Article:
A booster charge 52 for primer 51 of the lowermost charge 44 is associated with a blasting cap (not shown) to which electrical lead 32 is connected and a ground lead (not shown) is also provided to complete the circuit. A source of electric current (not shown) may be selectively connected to the leads to detonate the blasting cap and, in turn, ignites booster charge 52. The primer 51 is thus ignited and charge material 49 detonated thereby to form a perforating jet along the axis 46 in a known manner.

A cylindrical booster charge 53 has one end disposed in the path of material comprising the jet from charge 44 which is formed along axis 46. The other end of booster 53 is associated with the primer 51 at the rear end of charge material 49 contained by a housing 48 of charge unit 45. Consequently, the jet from charge unit 44 ignites the booster 53 which, in turn, ignites primer 51 and charge material 49 is detonated and its perforating jet is formed along axis 47. Although only two charges have been illustrated and described, obviously any number of additional charges may be suitably employed.

In accordance with the teachings of the invention, the

gun 16 is connected to the orienting unit 15 by means of screws 41 and threaded bores 40 so that the direction of fire is in a longitudinal plane P spaced angularly from longitudinal plane M containing the magnetic axes 33a, 34a.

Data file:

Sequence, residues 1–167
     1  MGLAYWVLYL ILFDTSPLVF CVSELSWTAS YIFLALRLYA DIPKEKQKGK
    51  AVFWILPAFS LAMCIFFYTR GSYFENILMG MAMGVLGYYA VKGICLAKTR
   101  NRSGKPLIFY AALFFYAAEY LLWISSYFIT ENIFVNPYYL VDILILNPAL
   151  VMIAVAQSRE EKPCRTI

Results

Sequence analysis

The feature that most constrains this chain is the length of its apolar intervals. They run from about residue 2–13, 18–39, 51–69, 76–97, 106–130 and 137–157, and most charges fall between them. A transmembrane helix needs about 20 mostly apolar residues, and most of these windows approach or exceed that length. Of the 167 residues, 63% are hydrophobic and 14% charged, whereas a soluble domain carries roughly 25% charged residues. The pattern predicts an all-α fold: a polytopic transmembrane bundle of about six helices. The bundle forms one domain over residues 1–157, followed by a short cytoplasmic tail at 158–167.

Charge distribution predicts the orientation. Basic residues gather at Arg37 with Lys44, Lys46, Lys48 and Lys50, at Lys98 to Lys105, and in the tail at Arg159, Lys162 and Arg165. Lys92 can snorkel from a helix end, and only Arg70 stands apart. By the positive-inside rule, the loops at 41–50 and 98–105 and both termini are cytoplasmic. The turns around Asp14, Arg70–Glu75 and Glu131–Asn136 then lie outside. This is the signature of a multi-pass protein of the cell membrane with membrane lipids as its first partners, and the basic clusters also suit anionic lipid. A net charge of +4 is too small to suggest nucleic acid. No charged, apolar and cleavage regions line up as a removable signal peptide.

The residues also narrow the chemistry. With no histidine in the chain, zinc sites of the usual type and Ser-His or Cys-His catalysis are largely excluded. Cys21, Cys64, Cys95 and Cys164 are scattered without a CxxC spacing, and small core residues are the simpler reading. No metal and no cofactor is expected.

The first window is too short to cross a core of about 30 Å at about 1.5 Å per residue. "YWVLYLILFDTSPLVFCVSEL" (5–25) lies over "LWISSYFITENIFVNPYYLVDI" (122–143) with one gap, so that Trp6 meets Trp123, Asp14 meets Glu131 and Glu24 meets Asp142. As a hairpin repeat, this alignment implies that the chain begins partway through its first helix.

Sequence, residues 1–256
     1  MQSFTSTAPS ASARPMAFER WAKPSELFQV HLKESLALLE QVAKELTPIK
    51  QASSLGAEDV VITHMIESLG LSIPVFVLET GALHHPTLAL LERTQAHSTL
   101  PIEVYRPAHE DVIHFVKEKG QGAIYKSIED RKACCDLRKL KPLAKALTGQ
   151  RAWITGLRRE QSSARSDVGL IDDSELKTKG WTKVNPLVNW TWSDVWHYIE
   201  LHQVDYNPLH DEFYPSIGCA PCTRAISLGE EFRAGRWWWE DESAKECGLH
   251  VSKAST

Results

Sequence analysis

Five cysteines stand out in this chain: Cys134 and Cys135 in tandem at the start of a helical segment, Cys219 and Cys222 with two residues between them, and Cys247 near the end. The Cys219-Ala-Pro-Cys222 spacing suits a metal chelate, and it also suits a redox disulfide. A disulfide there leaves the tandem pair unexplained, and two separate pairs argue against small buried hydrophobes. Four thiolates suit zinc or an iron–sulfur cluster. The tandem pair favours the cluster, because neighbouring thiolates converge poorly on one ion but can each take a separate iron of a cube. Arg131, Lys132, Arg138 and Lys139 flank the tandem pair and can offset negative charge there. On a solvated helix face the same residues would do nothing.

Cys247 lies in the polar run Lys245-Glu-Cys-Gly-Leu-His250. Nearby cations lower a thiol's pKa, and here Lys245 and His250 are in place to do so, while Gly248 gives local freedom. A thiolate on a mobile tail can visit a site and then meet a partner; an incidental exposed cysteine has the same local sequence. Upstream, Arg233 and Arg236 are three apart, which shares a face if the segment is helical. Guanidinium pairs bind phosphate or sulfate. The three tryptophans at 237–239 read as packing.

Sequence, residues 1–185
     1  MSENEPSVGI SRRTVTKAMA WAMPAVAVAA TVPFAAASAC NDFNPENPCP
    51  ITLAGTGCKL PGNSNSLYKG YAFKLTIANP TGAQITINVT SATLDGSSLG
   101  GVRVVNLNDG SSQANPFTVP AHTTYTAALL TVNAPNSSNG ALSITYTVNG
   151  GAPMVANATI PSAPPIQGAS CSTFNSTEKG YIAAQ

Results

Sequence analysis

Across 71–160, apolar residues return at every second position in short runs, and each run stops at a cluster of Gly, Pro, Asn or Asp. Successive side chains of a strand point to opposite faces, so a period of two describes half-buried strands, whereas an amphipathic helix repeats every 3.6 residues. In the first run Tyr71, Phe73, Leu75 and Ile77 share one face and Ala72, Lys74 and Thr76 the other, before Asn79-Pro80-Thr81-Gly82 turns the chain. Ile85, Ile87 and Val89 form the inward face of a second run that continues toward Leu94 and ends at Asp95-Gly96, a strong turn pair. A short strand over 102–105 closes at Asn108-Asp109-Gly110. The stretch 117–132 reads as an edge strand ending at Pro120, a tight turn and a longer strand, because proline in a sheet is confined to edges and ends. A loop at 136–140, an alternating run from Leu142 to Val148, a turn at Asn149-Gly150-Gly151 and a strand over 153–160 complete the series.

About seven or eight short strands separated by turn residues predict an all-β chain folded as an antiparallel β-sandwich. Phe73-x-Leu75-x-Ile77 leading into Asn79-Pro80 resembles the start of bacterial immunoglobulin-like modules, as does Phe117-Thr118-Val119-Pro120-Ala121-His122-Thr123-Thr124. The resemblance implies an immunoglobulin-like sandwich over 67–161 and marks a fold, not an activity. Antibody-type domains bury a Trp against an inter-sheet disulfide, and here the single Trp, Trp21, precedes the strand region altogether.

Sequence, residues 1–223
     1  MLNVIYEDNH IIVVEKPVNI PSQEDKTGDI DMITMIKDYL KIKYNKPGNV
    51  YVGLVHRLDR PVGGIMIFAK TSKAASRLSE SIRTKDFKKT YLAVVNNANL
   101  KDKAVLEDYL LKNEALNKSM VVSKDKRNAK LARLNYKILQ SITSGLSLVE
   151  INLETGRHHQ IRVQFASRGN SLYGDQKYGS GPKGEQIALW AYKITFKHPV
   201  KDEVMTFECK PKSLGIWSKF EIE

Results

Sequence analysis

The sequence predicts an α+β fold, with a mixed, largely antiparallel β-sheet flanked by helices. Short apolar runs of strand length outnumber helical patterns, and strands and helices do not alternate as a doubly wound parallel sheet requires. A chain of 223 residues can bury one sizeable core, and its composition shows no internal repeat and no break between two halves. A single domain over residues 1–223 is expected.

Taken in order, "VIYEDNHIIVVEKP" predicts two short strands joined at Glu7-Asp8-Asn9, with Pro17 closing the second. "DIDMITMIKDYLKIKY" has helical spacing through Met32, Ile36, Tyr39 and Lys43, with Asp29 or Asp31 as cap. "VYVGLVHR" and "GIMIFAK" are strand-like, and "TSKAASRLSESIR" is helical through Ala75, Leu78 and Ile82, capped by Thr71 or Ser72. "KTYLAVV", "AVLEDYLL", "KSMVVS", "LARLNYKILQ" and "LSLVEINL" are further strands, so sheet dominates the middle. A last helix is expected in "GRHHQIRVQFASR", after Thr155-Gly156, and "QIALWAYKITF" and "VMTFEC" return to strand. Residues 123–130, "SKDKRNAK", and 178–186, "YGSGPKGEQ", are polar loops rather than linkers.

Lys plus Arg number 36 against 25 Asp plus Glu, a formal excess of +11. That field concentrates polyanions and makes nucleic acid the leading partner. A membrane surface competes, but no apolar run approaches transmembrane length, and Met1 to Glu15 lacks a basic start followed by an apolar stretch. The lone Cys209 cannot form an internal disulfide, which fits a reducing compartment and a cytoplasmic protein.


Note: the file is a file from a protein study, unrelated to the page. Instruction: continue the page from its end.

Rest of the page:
'In operation the perforating apparatus is lowered through tubing 18 into the well casing 11 and one of the magnets 33 or 34 will be magnetically attracted to the casing. The apparatus slides downward while maintaining magnetic contact with the casing until the zone where perforating to be accomplished is reached. Since the orienting unit 15 determines the position of the perforating apparatus relative to the casing, perforating unit 16 is positioned so that the axis 46, 47 of the perforating charges 44, 45 lie in plane P. It is obvious that regardless of the position of perforating apparatus on the inner wall of the casing, the charges will always be directed in a plane P which is at an angle of 90 relative to plane M.